This site is intended for Healthcare professionals only.

People with asthma at increased risk for atrial fibrillation : JAMA

People with asthma at increased risk for atrial fibrillation : JAMA

Asthma and lack of asthma control are associated with increased risk of atrial fibrillation (AF), according to a new study published in the journal JAMA Cardiology.

Aivaras Cepelis, Norwegian University of Science and Technology, Trondheim,  Norway, and colleagues conducted the study to assess the association between asthma, levels of its control, and AF.

Asthma, a chronic inflammatory airway disease, and atrial fibrillation (AF) share several common pathophysiological mechanisms. Research on the association between asthma and atrial fibrillation is lacking and no previous studies have assessed the dose-response association between levels of asthma control and AF.

For the study, the researchers analyzed data on adults from a second and third iteration of the survey-based Nord-Trøndelag Health Study (HUNT) in Norway. All included participants were free from AF at baseline. AF was ascertained by linking HUNT data with hospital records from the 2 hospitals in Nord-Trøndelag County. Data analysis was completed from May 2017 to November 2017.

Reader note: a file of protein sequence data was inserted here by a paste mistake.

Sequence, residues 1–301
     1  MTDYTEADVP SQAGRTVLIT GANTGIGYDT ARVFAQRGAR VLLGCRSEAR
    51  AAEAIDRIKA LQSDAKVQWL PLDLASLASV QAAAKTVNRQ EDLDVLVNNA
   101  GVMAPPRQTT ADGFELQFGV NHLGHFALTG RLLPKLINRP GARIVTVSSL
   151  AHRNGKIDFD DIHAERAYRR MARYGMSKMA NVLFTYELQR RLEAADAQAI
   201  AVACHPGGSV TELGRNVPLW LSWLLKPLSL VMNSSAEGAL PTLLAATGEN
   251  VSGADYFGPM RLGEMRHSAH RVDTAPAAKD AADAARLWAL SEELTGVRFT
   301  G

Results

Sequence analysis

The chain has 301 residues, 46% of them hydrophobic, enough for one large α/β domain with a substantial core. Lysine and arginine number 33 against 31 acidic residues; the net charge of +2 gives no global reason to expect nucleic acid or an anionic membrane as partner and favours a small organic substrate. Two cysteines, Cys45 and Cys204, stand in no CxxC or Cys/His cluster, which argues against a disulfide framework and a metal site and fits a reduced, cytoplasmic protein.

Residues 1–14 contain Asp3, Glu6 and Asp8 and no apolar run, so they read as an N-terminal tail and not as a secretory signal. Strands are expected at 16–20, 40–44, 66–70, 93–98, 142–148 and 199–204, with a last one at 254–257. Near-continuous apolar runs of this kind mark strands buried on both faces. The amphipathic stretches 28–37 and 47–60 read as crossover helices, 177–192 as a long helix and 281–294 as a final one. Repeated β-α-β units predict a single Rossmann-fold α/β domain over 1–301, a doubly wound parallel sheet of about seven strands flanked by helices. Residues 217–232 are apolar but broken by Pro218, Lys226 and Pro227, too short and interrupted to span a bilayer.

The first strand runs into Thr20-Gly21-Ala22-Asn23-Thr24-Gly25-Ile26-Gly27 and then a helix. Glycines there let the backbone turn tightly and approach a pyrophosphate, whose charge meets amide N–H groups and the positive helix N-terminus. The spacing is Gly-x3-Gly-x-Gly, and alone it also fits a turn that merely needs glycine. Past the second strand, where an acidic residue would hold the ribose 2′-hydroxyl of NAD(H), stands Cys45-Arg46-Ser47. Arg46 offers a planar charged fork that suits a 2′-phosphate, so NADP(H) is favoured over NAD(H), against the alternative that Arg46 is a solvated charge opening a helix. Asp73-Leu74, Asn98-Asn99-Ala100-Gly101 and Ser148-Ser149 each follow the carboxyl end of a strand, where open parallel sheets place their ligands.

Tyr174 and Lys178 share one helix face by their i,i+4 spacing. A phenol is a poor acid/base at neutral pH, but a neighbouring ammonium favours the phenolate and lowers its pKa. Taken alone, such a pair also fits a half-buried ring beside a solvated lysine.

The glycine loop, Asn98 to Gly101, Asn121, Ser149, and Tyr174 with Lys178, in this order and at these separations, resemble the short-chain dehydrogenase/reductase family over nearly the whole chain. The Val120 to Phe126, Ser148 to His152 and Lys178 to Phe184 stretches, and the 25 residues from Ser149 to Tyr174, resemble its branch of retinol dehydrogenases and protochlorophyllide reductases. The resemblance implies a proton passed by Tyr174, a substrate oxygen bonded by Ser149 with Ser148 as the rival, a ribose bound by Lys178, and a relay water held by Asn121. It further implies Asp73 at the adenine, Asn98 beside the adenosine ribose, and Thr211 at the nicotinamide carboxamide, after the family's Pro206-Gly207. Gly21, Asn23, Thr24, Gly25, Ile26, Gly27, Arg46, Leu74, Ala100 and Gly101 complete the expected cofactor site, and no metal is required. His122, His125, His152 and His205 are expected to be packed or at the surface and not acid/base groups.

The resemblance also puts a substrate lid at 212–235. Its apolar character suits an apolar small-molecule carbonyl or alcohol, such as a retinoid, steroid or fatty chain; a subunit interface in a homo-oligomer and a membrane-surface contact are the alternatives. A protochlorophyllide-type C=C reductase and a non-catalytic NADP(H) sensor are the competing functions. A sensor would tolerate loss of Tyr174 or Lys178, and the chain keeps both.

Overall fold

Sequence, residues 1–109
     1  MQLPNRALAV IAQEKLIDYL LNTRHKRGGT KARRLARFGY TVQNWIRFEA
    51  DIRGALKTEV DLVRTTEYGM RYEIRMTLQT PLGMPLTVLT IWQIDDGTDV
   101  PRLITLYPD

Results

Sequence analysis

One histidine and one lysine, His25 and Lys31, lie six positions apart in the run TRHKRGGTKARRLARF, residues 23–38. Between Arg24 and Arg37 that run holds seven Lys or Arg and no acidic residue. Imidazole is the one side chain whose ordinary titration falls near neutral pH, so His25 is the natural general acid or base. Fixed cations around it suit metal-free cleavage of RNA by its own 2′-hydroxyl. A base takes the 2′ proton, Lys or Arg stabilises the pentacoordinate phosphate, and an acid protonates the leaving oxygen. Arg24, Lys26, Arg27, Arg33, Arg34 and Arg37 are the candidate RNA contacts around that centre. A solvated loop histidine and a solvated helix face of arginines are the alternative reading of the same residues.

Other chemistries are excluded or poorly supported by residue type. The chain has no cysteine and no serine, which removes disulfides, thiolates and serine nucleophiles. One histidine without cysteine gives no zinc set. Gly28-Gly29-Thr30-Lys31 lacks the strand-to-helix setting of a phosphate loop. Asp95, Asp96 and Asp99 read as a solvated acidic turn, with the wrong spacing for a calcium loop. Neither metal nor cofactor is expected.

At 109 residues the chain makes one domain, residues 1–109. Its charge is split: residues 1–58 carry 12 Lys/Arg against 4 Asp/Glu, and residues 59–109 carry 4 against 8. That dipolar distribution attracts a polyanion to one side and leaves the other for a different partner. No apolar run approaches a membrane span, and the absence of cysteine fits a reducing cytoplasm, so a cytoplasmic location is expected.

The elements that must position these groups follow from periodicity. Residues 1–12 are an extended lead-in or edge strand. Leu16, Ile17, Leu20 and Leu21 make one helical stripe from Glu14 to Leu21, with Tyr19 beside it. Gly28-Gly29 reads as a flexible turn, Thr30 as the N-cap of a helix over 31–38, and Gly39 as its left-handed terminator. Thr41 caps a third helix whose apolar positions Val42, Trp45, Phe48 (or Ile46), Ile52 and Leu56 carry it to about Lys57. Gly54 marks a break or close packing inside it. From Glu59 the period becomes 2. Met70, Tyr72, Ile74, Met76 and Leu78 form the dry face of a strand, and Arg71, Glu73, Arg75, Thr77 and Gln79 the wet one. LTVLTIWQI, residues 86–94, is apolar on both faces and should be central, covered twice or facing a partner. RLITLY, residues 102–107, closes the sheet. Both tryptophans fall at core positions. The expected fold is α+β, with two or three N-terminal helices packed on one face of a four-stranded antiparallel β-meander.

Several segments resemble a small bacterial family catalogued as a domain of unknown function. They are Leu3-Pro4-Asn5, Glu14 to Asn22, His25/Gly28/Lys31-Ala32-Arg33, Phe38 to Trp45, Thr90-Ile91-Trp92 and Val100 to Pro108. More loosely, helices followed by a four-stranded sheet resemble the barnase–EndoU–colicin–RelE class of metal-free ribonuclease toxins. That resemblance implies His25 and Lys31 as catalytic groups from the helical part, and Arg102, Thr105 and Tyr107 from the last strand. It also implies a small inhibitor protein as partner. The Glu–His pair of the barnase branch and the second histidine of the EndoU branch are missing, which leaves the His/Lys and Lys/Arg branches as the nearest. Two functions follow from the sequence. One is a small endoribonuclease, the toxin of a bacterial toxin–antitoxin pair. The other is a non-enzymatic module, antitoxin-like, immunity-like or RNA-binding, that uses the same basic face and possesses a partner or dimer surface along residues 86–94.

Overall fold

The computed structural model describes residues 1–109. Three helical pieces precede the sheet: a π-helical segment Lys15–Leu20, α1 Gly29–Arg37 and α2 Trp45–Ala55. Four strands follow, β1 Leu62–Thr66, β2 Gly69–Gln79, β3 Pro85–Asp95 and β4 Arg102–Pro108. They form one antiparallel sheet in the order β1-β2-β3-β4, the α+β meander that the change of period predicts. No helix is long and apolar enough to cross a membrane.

Read Also: Healthy diet reduces asthma symptoms

A total of 54 567 adults were included (of whom 28 821 [52.8%] were women). Of these, 5961 participants (10.9%) reported ever having the airway disease, 3934 participants (7.2%) reported being diagnosed with the disease, and 2485 participants (4.6%) reported having active asthma.

Key Findings:

  • 3.8 percent of participants developed AF during a mean follow-up of 15.4 years.
  • Compared to participants without asthma, those with physician-diagnosed asthma had a significantly increased risk of developing AF (adjusted hazard ratio, 1.38).
  • A dose-response association was seen between levels of asthma control and AF risk, with the highest risk for those with uncontrolled asthma (adjusted hazard ratio, 1.74).
  • Diagnosed asthma was associated with a 38% increased risk of AF, and there was a dose-response association between levels of asthma control and AF.

“Asthma and lack of its control were associated with moderately increased risks of AF in a dose-response manner. Further studies are needed to explore the underlying mechanisms and clarify causal pathways between AF and asthma,” concluded the authors.

For further information log on to 10.1001/jamacardio.2018.1901

Source: With inputs from JAMA Cardiology

Share your Opinion Disclaimer

Sort by: Newest | Oldest | Most Voted